THE SUPPORTING ACT for the Simple Plan/MXPX tour is SoCal popsters Sugarcult, who are preparing for the release of their second album on Ultimatum. At press time, there are only three bands on the Boston bill because the scheduled openers, Minneapolis natives and Get Up Kids fans Motion City Soundtrack, bailed to go to Europe with Blink-182. On the second leg of the tour, the opening slot will be filled by Billy Talent, a fiery not-quite-screamo band from the outskirts of Toronto who recently scored a minor rock hit with "Try Honesty."

Borrowing their name from a character in the Canadian cult book/movie Hard Core Logo, Billy Talent kicked around for years before signing a recording contract with Atlantic and landing a spot on last summerís Lollapalooza. Their current debut, Billy Talent, was produced by Gavin Brown, who also worked on the recent smash "I Hate Everything About You" by fellow Canadians Three Days Grace (think Nickelback, not Simple Plan). On "Try Honesty," Billy Talent are after something a little more esoteric: the bandís urgent vocal tradeoffs and resident guitar hero Ian DíSaís angular blare are indebted to post-hardcore demigods At the Drive-In. But thereís more than enough personality ó heaving grungeadelic bridge, wacky tremolo-guitar hook ó in the song to get you to accept them on their own terms.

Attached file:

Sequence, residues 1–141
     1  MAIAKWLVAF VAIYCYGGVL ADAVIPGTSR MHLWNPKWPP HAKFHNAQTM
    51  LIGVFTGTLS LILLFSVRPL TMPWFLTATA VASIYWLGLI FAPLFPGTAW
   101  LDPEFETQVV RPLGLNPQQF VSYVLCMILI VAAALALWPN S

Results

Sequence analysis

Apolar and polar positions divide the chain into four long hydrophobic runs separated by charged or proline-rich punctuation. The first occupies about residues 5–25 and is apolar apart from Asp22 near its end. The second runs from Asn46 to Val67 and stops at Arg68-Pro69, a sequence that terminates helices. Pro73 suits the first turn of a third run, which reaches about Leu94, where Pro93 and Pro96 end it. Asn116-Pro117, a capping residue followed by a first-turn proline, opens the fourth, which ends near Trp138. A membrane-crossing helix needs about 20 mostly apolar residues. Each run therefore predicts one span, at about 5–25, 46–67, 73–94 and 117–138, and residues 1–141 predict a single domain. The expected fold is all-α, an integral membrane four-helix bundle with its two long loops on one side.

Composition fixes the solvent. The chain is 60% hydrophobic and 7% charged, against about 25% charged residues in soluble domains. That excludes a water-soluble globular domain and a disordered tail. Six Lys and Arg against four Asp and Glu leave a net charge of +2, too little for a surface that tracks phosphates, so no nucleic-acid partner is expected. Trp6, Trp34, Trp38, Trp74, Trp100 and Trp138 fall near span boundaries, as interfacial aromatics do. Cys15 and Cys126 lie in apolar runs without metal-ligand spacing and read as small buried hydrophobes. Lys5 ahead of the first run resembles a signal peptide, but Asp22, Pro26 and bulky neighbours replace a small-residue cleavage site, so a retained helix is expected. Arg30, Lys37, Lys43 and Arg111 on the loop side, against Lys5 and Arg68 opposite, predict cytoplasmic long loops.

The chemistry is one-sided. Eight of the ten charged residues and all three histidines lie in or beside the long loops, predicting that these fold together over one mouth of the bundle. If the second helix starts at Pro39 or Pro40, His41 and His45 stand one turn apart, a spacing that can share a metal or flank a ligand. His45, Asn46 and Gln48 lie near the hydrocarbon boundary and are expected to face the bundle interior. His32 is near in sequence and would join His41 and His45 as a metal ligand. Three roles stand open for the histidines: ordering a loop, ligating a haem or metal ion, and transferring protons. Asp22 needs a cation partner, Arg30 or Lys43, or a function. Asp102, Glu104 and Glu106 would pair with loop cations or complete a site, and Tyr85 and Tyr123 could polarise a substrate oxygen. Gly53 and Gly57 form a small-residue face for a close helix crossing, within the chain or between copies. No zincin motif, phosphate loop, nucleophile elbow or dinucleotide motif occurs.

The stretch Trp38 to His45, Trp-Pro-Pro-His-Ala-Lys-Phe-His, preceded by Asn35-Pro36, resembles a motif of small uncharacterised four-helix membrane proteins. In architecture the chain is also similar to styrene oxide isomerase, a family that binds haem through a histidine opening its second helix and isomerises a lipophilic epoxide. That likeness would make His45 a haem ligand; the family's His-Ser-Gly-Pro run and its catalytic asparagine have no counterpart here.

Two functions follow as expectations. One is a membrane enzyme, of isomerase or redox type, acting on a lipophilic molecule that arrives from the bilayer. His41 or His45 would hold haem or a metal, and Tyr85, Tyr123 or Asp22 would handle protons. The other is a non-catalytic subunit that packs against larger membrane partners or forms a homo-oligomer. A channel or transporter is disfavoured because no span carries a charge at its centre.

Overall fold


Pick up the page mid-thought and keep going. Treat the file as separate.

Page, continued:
The glossy hard-rock mag Revolver just named Billy Talent one of the 10 best albums of 2003, and itís easy to hear why. The new single "The Ex" ó "Well I heard sheís great, and her new boyfriendís lame/She can go to hell, Iíll never be the same" ó might be the dumbest song on the disc, but frontman Benjamin Kowalewicz does his best to keep his tongue in cheek, and DíSaís intricate noodling is no joke. Like kindred spirits Vendetta Red ó and At the Drive-In themselves, for that matter ó Billy Talent have been miscast as an emo band: Kowalewicz is at his best playing characters, like the prostitute in the sludgy "Standing in the Rain" and the suicidal teen in the harrowing power ballad "Nothing To Lose." Fans of adventurous modern rock should keep an eye out for the next time these guys play Boston.

Simple Plan, MXPX, and Sugarcult perform this Saturday, February 7, at Avalon, 15 Lansdowne Street in Boston; call (617) 262-2424.

 


Issue Date: February 6 - 12, 2004